The scoring of Chicken Caesar is interesting. It is easy to know when you are winning or losing, as all scores are open. One well-placed monument can put any player over the top in scoring. The chart is an optimization-based score, like Agricola. Individual chickens will earn an insignia for each office they serve from round, to round. If they survive multiple rounds, this develops an “extra” insignia. These can then be offered up to the consul to be built onto your fallen chickens. For every chicken that carries the same kind of insignia, a score will be reached. The Caesar’s insignia is the greatest number of points, as it is very difficult to obtain, and even harder to survive into an extra insignia to be built later.

So the game is built upon good timing, and better negotiation than the next guy.

Overall i would recommend this as a great 5 player negotiation game. Much better than the Bang-werewolves-resistance style, if you’re trying to fill an entire evening of play.

Libertalia First Impressions

My first impression of Libertalia tonight was a mix of swarthy joy and uncertainty. Will this Imagestill be fun in two months? Can i maintain a pirate voice for more than ten minutes? Should i just play Citadels more?

Libertalia is a card game for 2-6 players designed by Paulo Mori. Players get a set of 9 identical cards. Every player will choose their card at the same time. Cards are displayed and arranged in order of rank. The lowest ranked card will activate first, moving upward. Then, the remaining cards will take turns splitting up the booty for that round.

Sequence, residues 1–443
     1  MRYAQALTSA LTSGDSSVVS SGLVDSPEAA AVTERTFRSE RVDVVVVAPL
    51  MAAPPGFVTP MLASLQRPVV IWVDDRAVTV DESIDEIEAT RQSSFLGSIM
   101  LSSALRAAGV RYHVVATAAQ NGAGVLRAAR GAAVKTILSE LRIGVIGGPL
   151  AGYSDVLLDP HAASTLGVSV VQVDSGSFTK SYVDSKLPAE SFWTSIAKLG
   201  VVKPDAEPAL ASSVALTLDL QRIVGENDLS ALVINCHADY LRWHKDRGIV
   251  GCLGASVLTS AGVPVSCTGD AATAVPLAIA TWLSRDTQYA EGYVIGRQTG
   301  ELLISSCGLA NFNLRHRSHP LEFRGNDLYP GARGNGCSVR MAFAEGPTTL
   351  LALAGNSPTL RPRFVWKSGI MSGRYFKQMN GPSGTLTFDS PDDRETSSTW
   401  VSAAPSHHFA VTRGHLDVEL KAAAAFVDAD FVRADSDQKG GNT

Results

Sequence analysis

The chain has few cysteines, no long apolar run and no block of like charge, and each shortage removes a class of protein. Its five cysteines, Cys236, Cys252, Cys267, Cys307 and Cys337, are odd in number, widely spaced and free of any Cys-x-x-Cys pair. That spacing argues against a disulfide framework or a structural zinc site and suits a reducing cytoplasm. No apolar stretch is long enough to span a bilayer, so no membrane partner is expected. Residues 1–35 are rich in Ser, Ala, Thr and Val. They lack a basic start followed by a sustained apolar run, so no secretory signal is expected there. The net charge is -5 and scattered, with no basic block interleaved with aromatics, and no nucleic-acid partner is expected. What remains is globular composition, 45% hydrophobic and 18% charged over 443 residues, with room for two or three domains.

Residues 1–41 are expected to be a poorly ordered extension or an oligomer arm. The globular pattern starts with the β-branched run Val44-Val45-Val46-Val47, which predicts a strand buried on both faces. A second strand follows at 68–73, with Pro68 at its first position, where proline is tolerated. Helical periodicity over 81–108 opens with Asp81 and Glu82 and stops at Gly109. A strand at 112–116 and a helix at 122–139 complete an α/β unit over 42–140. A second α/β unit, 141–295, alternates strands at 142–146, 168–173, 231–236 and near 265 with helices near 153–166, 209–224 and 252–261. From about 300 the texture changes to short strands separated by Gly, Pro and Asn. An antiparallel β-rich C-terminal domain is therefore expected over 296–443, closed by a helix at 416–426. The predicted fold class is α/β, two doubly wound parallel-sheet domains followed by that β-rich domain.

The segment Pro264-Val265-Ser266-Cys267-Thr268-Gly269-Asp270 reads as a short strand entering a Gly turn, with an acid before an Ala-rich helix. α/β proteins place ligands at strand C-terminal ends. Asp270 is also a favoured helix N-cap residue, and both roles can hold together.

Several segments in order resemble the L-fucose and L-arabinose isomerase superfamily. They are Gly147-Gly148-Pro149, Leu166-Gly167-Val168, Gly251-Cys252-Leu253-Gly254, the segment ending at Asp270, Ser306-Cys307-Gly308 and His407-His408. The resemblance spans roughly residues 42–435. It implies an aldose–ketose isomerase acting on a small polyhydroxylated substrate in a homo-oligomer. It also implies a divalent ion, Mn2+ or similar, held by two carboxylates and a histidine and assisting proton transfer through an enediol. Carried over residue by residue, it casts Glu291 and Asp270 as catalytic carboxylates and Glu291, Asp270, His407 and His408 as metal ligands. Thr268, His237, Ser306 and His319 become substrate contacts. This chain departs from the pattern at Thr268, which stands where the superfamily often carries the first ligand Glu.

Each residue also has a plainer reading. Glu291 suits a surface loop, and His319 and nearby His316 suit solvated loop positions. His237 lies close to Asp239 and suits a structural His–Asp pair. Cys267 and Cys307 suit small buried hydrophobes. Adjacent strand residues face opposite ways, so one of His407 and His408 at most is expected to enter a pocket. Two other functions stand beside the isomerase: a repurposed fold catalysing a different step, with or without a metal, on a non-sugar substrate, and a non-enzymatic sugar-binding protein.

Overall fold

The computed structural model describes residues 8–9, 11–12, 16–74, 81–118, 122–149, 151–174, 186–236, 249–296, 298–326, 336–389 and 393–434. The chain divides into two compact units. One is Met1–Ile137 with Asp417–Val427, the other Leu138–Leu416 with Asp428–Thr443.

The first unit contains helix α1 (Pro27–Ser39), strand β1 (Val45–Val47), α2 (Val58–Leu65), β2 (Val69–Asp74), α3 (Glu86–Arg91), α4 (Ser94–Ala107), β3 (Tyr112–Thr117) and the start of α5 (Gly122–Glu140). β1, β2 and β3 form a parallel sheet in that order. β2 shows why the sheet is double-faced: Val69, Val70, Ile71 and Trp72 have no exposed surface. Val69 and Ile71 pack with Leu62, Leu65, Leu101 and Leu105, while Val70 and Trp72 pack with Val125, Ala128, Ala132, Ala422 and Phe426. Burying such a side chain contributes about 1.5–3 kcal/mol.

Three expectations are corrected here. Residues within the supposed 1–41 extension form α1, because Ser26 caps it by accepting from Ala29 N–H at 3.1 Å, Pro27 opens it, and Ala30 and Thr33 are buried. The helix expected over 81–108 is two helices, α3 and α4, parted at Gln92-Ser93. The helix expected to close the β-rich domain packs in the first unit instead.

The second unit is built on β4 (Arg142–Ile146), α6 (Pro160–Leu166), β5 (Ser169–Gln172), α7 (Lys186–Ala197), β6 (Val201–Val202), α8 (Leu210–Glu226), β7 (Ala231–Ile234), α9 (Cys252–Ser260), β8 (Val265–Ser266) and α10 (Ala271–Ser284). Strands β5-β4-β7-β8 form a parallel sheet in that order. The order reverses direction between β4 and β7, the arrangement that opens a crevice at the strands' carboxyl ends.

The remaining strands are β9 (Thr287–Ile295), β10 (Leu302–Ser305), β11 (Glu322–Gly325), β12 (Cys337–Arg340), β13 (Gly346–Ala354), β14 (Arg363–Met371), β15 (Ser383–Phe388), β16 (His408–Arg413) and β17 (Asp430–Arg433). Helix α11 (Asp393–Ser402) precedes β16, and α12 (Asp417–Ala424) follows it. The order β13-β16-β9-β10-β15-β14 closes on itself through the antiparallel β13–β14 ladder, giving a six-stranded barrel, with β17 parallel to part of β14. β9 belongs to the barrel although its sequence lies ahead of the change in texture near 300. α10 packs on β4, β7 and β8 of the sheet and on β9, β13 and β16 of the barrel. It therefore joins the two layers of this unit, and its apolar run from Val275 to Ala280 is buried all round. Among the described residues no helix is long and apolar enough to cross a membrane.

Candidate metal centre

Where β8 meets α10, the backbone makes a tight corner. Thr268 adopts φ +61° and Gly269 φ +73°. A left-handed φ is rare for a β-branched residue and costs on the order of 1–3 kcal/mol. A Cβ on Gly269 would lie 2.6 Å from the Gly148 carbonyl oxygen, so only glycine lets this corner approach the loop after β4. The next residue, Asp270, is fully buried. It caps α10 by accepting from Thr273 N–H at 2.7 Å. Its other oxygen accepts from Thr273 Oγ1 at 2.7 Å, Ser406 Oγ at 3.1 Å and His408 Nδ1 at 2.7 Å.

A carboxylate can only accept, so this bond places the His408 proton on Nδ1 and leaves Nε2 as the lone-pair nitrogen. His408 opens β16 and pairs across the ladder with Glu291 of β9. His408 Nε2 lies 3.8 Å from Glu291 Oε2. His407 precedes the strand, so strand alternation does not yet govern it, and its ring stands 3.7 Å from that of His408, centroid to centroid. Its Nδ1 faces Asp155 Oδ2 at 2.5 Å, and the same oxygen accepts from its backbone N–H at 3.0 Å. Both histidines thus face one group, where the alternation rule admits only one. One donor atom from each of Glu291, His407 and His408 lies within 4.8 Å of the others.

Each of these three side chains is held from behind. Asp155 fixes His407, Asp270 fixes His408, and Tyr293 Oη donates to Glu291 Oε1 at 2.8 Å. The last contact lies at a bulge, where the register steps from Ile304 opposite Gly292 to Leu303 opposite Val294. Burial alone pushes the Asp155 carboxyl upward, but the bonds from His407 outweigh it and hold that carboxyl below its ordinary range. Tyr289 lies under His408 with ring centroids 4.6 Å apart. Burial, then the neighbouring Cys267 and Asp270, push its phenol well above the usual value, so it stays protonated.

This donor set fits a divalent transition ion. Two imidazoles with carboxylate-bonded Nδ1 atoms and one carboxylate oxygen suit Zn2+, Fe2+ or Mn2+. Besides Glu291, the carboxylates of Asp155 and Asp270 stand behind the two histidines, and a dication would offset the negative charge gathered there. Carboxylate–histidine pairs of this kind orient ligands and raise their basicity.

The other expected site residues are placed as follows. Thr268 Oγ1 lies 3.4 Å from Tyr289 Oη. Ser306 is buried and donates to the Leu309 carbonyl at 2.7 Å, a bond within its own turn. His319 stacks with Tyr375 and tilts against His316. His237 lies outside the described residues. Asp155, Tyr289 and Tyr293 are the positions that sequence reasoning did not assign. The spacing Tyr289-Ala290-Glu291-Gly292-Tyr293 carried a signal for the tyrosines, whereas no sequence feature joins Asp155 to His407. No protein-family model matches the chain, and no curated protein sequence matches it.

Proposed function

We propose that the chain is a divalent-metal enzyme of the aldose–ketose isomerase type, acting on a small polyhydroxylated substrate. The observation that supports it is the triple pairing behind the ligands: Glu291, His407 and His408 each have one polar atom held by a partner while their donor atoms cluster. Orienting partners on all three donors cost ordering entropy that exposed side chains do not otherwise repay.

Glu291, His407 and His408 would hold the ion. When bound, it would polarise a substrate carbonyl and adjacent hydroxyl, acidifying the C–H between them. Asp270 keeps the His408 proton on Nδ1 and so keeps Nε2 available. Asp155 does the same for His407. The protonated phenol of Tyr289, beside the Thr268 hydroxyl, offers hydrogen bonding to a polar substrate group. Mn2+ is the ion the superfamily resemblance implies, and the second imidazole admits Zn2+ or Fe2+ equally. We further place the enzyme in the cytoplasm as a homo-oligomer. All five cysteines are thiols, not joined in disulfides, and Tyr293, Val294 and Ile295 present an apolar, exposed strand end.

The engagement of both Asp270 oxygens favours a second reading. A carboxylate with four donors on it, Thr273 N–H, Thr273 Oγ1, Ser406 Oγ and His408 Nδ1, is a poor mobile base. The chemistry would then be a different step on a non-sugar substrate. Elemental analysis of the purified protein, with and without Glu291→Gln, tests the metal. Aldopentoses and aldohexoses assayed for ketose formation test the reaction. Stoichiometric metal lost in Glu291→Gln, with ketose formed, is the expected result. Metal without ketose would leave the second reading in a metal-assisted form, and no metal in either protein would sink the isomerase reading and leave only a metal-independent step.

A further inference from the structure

This continues over 6 turns. Then another 6 cards are added to each players handand play begins again.(eventually there are 3 rounds)

This was fun. Trying to find neat combos, sending out a powerful card, only to have it discarded by a lower-ranking pirate. Cursed booty passed around the table and pirate jokes abound.

ImageThere was a great influence of Citadels and other role-selection games here. The quick and light nature made it feel fresh.

I’ll have to play a few more games to be sure, but i’m excited to do so. I love interactive gamer’s party games. I can see this going hand in hand with RoboRally. Just quicker to play!!

What i would want to see in a more sophisticated version is a draft to determine the opening hands…

Review of Terra Mystica

game setup

setting up the board

This week begun my journey into Terra Mystica. I’ll start this impression by saying that i loved this game even before the second playthrough.  It was like Hansa Teutonica, but even more advanced!! I love the use of non-randomized favor pools, asynchronous play with different factions, and many paths to victory. This one is going in my plus column, so i’m not going to be objective.